Archive for the Brexit Category

The Bank of England’s own data negates Carney’s overhyped house price warning

The Bank of England’s own data negates Carney’s overhyped house price warning

No one can tell them quite like Mark Carney, the governor of the Bank of England. He appears to have briefed the cabinet last week that house prices could fall by 35 per cent in the event of a no-deal Brexit. To be fair, the Bank did

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The UK’s capacity to innovate matters far more than panic over consumer spending

The UK’s capacity to innovate matters far more than panic over consumer spending

The debate about Brexit has become mired in a virtually incomprehensible quagmire of detailed and technical negotiations between the UK and the rest of the EU. Yet the campaign itself in 2016 was dominated by broader questions of political economy. In addition to the hurly burly of

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Mark Carney has bigger things to worry about than meaningless Brexit forecasts

Mark Carney has bigger things to worry about than meaningless Brexit forecasts

The governor of the Bank of England, Mark Carney, is up to his usual tricks. Last week, he claimed in front of the Treasury Committee of the House of Commons that British households are now more than £900 worse off after the vote to leave the EU.

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Master the art of brinkmanship to run Brexit rings around Barnier

Master the art of brinkmanship to run Brexit rings around Barnier

Michel Barnier invokes a wide range of emotions this side of the Channel. To his credit, the EU’s chief Brexit negotiator appears to have a stronger grasp of the insights of game theory than his UK counterparts. Thomas Schelling, the polymath winner of the Nobel Prize in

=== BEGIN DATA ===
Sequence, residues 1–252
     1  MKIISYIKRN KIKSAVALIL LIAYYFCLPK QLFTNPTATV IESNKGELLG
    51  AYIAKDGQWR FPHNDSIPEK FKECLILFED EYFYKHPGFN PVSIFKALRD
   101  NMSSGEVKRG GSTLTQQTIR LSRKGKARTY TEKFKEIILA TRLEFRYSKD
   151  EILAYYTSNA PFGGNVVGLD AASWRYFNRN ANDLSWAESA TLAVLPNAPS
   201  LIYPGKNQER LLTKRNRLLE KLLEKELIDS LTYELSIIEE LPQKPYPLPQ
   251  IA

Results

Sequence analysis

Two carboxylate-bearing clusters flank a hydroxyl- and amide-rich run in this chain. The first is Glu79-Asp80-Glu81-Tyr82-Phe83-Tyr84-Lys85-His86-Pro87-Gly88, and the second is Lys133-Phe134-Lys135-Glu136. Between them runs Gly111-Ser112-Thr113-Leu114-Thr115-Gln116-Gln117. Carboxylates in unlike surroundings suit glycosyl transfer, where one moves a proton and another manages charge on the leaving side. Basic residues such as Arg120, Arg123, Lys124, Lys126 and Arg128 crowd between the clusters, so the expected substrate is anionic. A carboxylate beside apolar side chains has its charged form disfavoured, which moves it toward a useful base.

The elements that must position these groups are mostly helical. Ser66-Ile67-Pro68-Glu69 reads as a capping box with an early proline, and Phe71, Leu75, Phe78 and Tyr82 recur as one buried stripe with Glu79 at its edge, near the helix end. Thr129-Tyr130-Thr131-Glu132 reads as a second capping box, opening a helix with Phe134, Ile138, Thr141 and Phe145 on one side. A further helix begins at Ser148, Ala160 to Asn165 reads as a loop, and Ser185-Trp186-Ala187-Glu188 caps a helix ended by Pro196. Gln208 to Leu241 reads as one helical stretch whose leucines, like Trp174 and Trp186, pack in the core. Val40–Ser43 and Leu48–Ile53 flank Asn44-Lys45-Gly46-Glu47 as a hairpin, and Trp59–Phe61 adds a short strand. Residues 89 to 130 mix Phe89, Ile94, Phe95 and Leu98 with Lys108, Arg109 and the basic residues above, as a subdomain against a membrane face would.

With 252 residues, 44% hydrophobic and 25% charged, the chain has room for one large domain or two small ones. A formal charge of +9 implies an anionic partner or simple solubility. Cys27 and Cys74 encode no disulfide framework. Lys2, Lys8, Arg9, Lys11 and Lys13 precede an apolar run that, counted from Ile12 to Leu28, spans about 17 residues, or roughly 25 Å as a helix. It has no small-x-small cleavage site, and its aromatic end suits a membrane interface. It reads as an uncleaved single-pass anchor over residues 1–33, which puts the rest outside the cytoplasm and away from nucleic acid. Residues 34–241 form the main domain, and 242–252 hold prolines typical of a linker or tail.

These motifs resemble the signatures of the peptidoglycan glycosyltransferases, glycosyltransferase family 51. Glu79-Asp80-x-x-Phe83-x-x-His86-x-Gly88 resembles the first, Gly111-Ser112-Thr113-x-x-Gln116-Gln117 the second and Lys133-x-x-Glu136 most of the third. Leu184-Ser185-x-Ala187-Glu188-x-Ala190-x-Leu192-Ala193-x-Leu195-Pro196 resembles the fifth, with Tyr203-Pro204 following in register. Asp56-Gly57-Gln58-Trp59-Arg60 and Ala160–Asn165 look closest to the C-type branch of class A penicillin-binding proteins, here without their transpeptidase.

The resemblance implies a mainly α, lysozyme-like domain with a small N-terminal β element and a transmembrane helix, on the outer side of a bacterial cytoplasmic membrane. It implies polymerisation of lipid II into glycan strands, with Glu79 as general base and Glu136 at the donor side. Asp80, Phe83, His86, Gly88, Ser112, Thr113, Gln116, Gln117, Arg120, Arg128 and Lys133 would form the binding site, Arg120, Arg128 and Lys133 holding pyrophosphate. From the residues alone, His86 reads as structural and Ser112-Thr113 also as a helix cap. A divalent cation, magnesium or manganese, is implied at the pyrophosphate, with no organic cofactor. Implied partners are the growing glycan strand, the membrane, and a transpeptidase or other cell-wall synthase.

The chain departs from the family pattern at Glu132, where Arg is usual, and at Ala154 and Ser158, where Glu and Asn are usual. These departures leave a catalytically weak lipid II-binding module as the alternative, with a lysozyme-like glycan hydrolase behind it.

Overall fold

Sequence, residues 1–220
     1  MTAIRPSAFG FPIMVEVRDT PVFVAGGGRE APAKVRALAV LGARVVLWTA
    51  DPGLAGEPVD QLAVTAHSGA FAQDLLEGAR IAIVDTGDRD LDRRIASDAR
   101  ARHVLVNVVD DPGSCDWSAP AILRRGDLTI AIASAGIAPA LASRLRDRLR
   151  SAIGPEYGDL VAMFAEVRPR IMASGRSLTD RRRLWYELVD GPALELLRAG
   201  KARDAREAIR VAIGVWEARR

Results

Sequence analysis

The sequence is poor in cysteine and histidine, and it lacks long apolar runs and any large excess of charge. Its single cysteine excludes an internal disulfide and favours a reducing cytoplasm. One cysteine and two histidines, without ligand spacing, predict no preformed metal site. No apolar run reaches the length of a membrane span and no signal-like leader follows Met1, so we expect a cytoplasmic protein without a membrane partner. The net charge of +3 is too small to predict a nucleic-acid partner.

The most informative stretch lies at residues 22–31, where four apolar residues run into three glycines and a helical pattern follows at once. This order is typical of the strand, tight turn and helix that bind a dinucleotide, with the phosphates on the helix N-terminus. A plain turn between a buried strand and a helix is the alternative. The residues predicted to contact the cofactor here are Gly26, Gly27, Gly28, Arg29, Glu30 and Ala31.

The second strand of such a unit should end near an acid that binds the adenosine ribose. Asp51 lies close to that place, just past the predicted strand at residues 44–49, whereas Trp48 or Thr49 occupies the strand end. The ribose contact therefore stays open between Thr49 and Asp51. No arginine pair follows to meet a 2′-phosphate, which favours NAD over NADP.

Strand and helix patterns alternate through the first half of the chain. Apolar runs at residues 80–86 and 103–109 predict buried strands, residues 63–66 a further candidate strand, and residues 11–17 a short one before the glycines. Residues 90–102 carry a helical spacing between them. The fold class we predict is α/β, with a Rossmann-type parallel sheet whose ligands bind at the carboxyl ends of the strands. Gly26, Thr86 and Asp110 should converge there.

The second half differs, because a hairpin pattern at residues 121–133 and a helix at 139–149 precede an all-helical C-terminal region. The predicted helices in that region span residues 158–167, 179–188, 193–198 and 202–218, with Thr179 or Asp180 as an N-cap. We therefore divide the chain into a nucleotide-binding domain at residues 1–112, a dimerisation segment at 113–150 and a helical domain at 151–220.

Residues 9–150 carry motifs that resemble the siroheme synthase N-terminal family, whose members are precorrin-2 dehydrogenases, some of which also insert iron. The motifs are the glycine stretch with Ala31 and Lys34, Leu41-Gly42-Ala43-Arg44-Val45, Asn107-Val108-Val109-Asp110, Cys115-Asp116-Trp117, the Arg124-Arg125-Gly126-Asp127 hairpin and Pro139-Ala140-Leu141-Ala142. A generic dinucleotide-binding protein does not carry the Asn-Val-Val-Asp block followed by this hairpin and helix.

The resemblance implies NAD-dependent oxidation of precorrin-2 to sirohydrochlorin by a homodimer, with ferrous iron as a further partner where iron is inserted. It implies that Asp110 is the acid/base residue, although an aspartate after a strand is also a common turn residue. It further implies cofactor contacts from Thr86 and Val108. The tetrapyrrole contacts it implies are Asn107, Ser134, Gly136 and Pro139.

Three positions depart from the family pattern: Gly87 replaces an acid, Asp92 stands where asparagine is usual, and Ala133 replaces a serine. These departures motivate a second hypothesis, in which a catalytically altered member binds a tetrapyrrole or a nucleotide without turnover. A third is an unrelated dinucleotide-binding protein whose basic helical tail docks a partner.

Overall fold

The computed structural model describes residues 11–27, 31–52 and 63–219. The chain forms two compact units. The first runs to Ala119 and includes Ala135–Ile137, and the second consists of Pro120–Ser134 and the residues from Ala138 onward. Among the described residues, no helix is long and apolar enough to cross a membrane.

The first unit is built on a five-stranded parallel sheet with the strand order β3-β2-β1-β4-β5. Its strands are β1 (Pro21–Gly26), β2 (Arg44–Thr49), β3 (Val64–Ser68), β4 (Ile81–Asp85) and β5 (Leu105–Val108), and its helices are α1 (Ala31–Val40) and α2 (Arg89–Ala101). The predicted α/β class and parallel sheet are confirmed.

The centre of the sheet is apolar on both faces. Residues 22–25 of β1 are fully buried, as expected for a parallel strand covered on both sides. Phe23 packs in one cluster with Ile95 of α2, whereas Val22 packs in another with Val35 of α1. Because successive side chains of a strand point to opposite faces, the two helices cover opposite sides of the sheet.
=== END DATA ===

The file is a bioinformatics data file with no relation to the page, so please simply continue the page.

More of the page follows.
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How European commissioners really allocate EU funding

How European commissioners really allocate EU funding

“Pork barrel” has been a theme in American politics for almost as long as the United States has existed. Many members of Congress work hard to secure public works projects, agricultural subsidies and the like for their own districts, almost regardless of the economic arguments for and

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The UK could teach the Eurozone a thing or two about successful monetary unions

The UK could teach the Eurozone a thing or two about successful monetary unions

The Office for National Statistics (ONS) published last week some figures which show how a successful monetary union works in practice. It is not obvious at first sight, from the dry heading: “regional public sector finances”. The ONS collects information on the amounts of public spending and

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Anti-growth Welsh leaders are denying their voters prosperity by opposing shale

Anti-growth Welsh leaders are denying their voters prosperity by opposing shale

Leading Welsh politicians seem to be getting ideas above their station. Fifty years ago, Labour held all but four of the Parliamentary seats, and had over 60 per cent of the vote. Now, the Conservatives are by a large margin the second party in terms of votes,

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Claims that a low tax, low regulation UK would be a disaster are rubbish

Claims that a low tax, low regulation UK would be a disaster are rubbish

Dame Minouche Shafik, Deputy Governor of the Bank of England, is leaving to become Director of the London School of Economics.  Last weekend, she gave her final interview wearing her Bank hat. Shafik issued what was described in the media as a “thinly veiled warning” to the

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Why the economics profession remains blind to the benefits of Brexit

Why the economics profession remains blind to the benefits of Brexit

The office for National Statistics last week estimated that the UK economy grew at an annual rate of 2.4 per cent in the final quarter of last year. This is slightly above the long-term average growth of the past three decades. But a Financial Times survey this

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